Osborne’s National Living Wage: Why it won’t work and why it just might

Despite all the rhetoric about the Conservatives becoming the workers’ party, George Osborne’s masterstroke National Living Wage (NLW) is really just another deficit reduction policy. The government has realised that the deficit is a labour market thing and that the only way to take big lumps off social security costs is for a lot of people to earn a lot more than they do now. Solution? Get employers to pay more, so fewer people will need in-work benefits and the welfare bill will go down. Or, to put it another way, get employers to cover some of the cost of deficit reduction. That way, you can cut welfare costs without causing social unrest and, with a falling benefits bill, you don’t have to cut as much off public services. Simple eh?

Why it won’t work

This won’t work, says just about everybody. Among others, the Institute for Fiscal Studies, the Resolution Foundation and the Joseph Rowntree Foundation have published reports with charts of doom explaining why most of those currently on in-work benefits will be worse off.

These IFS charts show the changes in income resulting from the tax and benefit changes announced in the budget and from the NLW, spread across the income distribution.

Screen Shot 2015-10-29 at 17.15.03

The problem here is not just the amounts, it’s also the distribution. The NLW won’t increase earnings by anywhere near the amount that benefits are being cut but it will also favour those whose benefits are being cut least. As the OBR explained straight after the budget in July:

Although the NLW boosts individuals’ earnings towards the lower end of the individual income distribution, it is expected to have a more even effect on the distribution of household incomes, since many workers on the NLW will be households’ second earners. Indeed, around half the cash gains in household income may accrue to the top half of the household income distribution.

The Resolution Foundation’s analysis drew similar conclusions. The NLW will mitigate the benefit cuts slightly but those at the lower and of the income distribution will still take a big hit.

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The NLW might also lead to some job losses or reduce the rate of job creation. The OBR puts the figure at 60,000 fewer jobs but others believe it will be much higher. Recruitment agency Manpower says that companies are already scaling back recruitment. If employers know they will have to pay higher wages but can’t be sure they will generate the revenue to pay for it, they might be tempted to increase the use of zero hours contracts or outsource more work to the self-employed.

Worse still, as Michael has shown, the cuts to tax credits fall disproportionately on those in-work. It might be that the work incentive, brought about by in-work benefits over the past two decades, goes into reverse. For the government, there is no point in reducing the in-work benefit bill only for the cost of unemployment benefits to rise.

If the government succeeds in taking £12 billion out of the welfare budget it is likely to lead to serious distress for many people and possibly social unrest, even with the rise in the minimum wage. If it fails to do so, it must either take more cost out of public services, increase taxes or abandon it’s deficit target. All these options will be politically damaging.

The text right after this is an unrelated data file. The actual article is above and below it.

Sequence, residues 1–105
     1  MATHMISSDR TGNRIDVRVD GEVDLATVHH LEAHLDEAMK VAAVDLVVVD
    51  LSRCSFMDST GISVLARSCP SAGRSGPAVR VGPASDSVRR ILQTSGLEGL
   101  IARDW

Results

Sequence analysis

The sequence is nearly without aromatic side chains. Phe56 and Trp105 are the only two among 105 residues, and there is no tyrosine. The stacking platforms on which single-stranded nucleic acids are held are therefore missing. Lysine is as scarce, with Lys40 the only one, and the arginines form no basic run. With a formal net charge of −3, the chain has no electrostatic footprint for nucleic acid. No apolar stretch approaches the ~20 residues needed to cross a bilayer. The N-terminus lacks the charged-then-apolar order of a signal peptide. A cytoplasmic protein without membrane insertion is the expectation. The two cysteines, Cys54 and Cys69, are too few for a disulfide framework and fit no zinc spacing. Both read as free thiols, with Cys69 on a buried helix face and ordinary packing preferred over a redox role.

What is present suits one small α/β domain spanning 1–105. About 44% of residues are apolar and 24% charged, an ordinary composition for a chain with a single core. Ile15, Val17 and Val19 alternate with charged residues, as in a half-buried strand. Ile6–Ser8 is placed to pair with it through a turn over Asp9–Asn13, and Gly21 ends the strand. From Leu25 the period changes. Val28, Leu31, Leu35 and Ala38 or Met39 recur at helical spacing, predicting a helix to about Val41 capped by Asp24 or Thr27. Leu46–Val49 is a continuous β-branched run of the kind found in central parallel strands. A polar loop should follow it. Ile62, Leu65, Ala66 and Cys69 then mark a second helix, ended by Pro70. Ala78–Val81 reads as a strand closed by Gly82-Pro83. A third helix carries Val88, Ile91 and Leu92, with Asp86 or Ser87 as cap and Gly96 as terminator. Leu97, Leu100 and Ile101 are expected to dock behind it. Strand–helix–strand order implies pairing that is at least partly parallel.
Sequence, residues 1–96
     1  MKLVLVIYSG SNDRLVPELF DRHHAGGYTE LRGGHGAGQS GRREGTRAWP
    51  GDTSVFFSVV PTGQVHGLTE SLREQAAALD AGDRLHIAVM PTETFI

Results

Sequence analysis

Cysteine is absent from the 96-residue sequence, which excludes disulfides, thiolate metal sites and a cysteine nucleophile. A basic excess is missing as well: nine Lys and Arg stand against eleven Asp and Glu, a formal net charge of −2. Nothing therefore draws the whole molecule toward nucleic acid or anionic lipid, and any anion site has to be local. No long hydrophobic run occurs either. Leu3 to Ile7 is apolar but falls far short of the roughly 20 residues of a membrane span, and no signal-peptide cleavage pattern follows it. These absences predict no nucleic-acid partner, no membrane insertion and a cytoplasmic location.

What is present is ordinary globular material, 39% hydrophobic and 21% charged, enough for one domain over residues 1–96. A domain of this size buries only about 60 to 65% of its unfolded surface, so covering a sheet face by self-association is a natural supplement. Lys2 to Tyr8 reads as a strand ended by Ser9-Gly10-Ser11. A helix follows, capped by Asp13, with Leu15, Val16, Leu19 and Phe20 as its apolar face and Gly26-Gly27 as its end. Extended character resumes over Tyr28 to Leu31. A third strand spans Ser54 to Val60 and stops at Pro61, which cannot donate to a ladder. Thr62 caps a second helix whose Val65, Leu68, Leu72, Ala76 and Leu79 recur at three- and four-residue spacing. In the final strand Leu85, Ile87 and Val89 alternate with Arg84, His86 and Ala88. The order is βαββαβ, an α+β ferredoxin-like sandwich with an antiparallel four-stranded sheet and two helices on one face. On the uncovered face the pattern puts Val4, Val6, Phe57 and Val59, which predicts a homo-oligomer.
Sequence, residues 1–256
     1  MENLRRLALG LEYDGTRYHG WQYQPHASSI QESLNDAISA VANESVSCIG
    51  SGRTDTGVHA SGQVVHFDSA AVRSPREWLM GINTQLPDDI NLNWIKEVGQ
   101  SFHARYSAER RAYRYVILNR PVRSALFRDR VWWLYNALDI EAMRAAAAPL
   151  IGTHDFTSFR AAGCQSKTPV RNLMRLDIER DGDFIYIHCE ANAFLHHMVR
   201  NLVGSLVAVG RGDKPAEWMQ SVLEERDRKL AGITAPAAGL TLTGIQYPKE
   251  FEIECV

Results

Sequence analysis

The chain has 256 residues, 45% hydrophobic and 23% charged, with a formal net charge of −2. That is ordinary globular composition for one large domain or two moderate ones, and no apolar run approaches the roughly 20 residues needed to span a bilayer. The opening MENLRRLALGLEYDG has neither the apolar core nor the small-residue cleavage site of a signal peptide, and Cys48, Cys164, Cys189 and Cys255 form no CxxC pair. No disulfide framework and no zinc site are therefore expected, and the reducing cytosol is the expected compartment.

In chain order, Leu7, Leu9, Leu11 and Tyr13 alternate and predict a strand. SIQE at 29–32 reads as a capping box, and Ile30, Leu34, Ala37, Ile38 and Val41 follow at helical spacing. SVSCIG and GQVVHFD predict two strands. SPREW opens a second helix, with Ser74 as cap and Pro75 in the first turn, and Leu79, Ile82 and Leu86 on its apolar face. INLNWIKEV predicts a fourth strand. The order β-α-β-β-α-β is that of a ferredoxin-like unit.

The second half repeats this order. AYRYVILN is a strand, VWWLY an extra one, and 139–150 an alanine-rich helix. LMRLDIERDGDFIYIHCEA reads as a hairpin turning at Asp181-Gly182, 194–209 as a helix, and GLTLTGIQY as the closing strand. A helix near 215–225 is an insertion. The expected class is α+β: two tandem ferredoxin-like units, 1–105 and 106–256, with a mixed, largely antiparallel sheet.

Why it might

Having said all that, no-one can be sure about the impact of the NLW because the government has never pushed up the minimum wage by so much over such a short-time. Neither, for that matter, has any other country, although a few are now trying something similar. As the Economist says, what might happen when the UK, France, Germany and the US push up their minimum wage is anybody’s guess:

By moving towards sharply higher minimum wages, policymakers are accelerating into a fog. Little is known about the long-run effects of modest minimum wages. And nobody knows what big rises will do, at any time horizon. It is reckless to assume that because low minimum wages have seemed harmless, much larger ones must be, too.

If nothing else, the government is in tune with the zeitgeist and if the NLW fails, Britain will be in good company.

But there were blood-curdling warnings about job losses in many countries when minimum wages were introduced. Most of them came to nought. Economic theory might say that such a wage hike will lead to job losses but we can’t be sure.

There’s also the question of the impact of higher wages on productivity. Do wages rise when productivity rises or do higher wages lead to higher productivity? The efficiency wage hypothesis argues just that, as Ben Chu explains:

First, paying workers more than the bare minimum discourages them from shirking. They give more effort during their working day. And firms don’t need to employ so many managers to supervise their shirking workers, thus saving money.

Second, higher wages mean workers are keener to hold on to the job in question. They don’t hand in their notice so often and that reduces the firms’ turnover costs. It’s expensive and time-consuming to advertise for new employees, to interview them, to process their paperwork and to train them up.

Finally, decent wages relative to the rest of the market can mean workers are more loyal. They feel more valued and are prepared to work harder as a result. Most of us can probably relate to those explanations.

There is evidence from low-paying sectors to back this up. An LSE study in the care home sector found that higher wages reduced the level of shirking and the amount of supervision needed for care assistants. This, concluded the authors, is “indirect evidence of productivity enhancing effects of higher wages”. A NIESR paper earlier this year found:

[T]he increases in labour costs associated with the NMW were associated with increases in labour productivity in all three periods considered and that these arose due to increases in efficiency (TFP) rather than capital labour substitution (capital labour ratio).

But, as with the labour cost increases, there is a concern that these effects capture an element of mean reversion (the tendency for low-productivity firms to catch up to the industry average).

In other words, it could be that a hike in the minimum wage might increase efficiency in that long-tail of poorly managed low productivity firms.